Originally Posted by 76Texan
Walter didn't lose snaps.
Before the bye week he was in between 64-70% of the time.
After the bye week, he was normally in between 74-86% of the time.
There were a couple of exceptions (week 15, when the Texans had a comfortable 23-10 lead over the Colts, and the last regular game of the season, when Kubiak probably wanted to give him a little rest.)
His snap counts picked right back up in the play-offs.
It was Jean and Martin who lost snaps to Posey.
His playcount did pick up in the playoffs as Kubiak has been known to prefer experience as it is in such a position so no doubt he would for the playoffs. Well, until we were down to the Patriots and we needed to actually pass and someone to get open without playaction. But saying Walter didn't lose snaps during the end of the year? Incorrect.
After the bye Walter had usual snap count up to week 13. A span of five games he averaged 64.2 plays. After that? The next four games his playcount went down and he averaged 42.25. Last I checked a -22 differential is a drop in snaps.
And while the screenshots are nice it is mainly one game and not play after play. His issue is performing in such a manner consistently
. Not to mention the missed opportunities you try to show...every receiver has them including those who already have better production than Walter.
Having someone capable of actually getting separation on a consistent basis in [b]any[b] situation. That means not needing just scheme and playaction because some times the run game will be halted and we will need to open it up, i.e. the Patriots game. Well....unless you don't wish to beat the top tier teams.
And yes, stats don't illustrate the full picture all the time. That is why I alluded to PFF which does not rely merely on stats. It was formatted for that specific purpose. To evaluate play after play and get a better understanding than just the numbers and it is why others like GM's and scouts turn to it as well.
At any rate, Walter isn't even the third option on this team.
He's been the fourth option since 2010. Foster is third with 239 targets to Walter's 219.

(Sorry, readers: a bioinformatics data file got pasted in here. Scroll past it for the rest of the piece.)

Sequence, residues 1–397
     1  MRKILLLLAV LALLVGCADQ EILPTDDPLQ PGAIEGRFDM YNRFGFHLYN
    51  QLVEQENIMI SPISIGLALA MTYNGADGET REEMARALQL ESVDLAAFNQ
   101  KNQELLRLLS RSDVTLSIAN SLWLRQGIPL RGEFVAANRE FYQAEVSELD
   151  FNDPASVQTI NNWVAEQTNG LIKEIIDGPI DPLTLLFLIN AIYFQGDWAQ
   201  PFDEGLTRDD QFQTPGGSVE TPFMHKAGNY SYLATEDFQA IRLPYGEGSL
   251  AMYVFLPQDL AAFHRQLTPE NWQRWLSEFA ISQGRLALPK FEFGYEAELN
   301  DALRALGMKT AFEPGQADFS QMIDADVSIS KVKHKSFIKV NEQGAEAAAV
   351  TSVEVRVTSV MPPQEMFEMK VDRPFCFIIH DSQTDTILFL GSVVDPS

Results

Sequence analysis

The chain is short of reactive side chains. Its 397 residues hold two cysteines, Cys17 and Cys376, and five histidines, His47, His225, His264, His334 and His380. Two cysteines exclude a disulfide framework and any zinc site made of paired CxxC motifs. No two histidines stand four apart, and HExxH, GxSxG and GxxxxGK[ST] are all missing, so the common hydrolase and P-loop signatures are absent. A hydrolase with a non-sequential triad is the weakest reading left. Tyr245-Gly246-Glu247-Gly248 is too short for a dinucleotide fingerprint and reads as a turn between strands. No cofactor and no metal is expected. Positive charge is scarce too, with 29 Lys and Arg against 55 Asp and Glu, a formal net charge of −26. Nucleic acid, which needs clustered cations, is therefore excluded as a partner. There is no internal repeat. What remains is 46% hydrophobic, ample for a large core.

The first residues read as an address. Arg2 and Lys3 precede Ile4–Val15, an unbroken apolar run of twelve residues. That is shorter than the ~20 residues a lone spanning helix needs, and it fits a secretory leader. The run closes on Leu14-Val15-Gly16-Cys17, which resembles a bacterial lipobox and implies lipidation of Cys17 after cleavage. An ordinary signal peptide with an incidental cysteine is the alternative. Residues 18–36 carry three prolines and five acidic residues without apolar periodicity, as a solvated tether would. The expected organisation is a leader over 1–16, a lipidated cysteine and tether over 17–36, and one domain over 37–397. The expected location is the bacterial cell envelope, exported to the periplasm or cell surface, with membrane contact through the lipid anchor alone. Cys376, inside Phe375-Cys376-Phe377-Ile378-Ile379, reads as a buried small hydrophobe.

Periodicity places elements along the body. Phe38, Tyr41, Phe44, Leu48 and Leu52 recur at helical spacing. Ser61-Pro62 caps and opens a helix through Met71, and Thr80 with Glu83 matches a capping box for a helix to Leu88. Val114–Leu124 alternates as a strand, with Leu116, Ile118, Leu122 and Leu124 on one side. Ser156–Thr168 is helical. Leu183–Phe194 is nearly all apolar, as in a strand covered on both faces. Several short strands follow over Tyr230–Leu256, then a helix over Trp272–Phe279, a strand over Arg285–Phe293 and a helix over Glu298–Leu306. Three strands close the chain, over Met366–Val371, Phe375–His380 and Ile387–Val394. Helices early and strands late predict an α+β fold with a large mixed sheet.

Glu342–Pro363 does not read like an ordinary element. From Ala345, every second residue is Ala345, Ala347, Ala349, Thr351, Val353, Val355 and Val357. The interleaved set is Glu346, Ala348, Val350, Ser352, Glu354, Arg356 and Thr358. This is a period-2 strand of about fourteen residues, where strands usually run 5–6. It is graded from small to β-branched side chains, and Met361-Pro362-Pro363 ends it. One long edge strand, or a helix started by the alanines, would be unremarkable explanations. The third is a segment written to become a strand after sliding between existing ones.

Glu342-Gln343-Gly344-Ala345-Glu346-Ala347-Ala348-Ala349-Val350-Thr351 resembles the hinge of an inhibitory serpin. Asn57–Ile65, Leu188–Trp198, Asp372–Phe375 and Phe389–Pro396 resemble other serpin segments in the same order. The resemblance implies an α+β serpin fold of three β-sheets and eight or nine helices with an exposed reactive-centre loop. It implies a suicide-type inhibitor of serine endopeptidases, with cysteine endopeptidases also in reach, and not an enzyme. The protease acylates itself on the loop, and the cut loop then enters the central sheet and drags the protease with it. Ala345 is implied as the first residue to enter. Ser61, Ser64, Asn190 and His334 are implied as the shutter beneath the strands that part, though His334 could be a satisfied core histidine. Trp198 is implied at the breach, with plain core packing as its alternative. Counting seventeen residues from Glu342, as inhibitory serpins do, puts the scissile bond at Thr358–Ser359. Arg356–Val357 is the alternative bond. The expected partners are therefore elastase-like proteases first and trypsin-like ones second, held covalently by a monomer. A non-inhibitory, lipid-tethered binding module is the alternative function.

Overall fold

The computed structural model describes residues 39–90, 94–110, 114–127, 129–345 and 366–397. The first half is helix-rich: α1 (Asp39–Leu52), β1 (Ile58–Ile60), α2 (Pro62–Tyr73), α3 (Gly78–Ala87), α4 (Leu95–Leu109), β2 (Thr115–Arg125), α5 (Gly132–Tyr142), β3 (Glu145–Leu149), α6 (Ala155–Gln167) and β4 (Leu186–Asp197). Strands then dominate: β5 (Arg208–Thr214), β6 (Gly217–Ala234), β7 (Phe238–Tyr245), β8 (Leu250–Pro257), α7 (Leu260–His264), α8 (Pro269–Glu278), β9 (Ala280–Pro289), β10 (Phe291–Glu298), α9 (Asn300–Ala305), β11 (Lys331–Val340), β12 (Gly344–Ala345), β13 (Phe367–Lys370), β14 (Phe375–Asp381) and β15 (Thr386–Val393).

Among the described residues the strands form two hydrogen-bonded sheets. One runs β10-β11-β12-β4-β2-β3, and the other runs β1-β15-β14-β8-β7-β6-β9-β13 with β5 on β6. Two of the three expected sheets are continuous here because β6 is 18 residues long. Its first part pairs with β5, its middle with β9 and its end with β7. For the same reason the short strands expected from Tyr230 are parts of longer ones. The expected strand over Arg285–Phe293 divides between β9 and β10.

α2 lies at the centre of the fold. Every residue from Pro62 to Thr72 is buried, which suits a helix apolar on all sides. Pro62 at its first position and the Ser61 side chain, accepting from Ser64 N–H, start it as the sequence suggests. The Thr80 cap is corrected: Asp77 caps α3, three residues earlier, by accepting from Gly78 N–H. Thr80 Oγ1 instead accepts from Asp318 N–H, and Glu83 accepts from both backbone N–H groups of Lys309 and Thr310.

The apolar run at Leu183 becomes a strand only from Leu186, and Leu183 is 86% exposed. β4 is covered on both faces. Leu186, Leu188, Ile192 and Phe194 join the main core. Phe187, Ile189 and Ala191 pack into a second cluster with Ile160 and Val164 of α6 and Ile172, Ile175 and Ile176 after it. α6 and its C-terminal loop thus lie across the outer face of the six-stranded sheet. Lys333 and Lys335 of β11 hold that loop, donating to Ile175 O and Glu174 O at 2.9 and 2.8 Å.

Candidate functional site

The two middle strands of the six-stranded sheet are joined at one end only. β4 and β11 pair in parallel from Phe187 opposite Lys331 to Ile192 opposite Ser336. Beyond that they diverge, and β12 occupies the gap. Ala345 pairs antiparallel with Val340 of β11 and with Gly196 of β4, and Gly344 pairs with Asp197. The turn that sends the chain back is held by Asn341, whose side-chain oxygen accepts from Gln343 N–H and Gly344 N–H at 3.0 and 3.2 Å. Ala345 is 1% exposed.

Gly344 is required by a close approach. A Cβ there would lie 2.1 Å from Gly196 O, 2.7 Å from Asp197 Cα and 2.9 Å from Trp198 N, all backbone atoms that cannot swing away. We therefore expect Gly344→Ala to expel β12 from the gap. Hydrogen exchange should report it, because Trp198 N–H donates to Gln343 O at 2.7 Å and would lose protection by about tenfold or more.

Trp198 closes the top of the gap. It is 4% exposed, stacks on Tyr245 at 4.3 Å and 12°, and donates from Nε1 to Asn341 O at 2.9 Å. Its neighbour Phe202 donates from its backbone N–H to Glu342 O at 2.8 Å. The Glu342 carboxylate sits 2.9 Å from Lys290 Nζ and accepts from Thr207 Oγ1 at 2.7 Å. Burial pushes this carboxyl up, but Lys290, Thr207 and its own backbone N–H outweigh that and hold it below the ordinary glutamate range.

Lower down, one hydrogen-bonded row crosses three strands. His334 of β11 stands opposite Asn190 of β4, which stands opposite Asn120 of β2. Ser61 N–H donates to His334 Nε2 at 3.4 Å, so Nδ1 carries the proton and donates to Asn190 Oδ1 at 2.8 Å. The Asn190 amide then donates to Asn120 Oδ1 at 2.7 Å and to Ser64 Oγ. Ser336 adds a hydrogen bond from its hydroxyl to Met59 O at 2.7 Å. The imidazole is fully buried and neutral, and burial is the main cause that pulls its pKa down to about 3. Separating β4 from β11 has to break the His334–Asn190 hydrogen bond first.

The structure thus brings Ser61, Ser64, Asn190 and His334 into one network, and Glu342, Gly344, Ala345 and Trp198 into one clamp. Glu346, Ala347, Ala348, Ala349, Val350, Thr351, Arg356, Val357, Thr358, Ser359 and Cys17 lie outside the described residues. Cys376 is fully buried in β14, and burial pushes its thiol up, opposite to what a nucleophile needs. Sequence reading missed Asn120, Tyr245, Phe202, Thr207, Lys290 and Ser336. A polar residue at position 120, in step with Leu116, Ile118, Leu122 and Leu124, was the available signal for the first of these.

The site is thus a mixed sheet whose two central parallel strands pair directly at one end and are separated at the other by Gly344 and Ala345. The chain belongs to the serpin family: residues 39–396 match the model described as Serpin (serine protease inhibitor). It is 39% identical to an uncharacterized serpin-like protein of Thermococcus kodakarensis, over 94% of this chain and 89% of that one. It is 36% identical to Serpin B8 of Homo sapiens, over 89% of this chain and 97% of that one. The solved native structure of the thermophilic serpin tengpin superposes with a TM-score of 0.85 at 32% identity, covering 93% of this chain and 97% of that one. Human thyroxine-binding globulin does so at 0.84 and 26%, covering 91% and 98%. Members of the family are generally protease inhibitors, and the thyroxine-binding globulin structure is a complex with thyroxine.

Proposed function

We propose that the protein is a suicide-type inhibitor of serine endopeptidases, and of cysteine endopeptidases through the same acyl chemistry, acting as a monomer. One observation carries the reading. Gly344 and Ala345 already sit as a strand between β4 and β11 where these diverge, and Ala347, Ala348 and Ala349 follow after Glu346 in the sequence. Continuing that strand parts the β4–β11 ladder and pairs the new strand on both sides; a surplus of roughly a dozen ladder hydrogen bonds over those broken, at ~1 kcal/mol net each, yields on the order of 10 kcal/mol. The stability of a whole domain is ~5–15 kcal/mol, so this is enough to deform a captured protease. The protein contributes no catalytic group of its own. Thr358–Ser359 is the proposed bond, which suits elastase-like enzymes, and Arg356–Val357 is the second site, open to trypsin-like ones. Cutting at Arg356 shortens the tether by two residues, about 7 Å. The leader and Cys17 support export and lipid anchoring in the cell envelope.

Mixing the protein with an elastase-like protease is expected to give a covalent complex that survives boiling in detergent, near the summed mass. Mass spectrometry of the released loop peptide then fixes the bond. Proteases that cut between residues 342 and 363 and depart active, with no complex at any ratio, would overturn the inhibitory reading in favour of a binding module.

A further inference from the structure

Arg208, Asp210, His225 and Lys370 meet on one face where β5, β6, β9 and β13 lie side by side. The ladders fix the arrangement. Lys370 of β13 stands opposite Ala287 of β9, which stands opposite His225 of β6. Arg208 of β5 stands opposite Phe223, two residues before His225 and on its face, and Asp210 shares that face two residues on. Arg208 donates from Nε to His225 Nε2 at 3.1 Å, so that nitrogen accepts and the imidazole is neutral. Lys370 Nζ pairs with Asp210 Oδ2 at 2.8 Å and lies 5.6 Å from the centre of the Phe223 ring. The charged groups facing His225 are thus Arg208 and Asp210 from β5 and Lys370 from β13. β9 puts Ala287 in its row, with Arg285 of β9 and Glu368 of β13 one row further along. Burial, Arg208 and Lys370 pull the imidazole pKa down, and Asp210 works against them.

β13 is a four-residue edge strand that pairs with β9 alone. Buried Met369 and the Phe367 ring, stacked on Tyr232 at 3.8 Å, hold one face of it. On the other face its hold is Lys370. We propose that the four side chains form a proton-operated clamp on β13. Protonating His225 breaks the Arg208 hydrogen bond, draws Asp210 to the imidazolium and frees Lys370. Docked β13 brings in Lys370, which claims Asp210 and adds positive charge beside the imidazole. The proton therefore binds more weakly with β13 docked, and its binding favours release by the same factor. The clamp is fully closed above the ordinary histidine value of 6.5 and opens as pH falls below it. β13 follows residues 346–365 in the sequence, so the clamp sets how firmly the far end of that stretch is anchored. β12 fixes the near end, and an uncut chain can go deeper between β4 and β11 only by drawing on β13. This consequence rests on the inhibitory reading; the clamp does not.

That's just the way the Texans run their offense.
In fact, when Jacoby was here, he had more targets than Walter in 2010 and 2012 (3 and 4 more respectively.) So if you go strictly by numbers, Walter was the fifth option in those two years.
Umm...that is part of the problem. Your #2 should never
be that far down as an option. That is a hindrance to an offense. Plus...you are a bit incorrect again.
This past season target % of the passes was:
So Walter was the third option last year. And again this is not how the system is. Any coach will have his system go along with the personnel at his disposal unless he is one horrible coach.
2006 - #2 option was WR Eric Moulds by 28 target more than OD
2007 - #1 target (w/Dre injured WR Kevin Walter with 106. #2 was OD and then Dre
2008 - It went Dre (170), O.D. (101) and Walter (95) A 6 point differential and the last season Walter was very contributing to pass game
2009 - It went Dre (170), Walter (70) and O.D. (57 - injured year)
2010 - It went Dre (138), Foster (84) and Walter (80)
2011 - It went O.D. (84), Foster (71), Jacoby (64) and Walter (59)
What this illustrates is one, you are wrong about him being a 5th option. Not sure where you even got that one. Two, this system isn't circled in concrete about getting the ball to just Dre then TE's or RB's. It's about getting the ball to the playmakers
. Walter was one in '07-'08 so he saw the ball more. O.D. then became more than Walter, Foster and as much as we moan about Jacoby he had more playmaking abilities than our current Walter as well. This system is the same by Shanny and is part of the west coast which is about getting the ball to playmakers hence why we could use one.
There's a reason why Jacoby and Walter combined had so many targets. You want to get the ball to those who can make plays in a short-medium passing game. Walter was that but now, he is not. A decent third or fourth receiver maybe (but not at his current contract) but a #2? Hardly.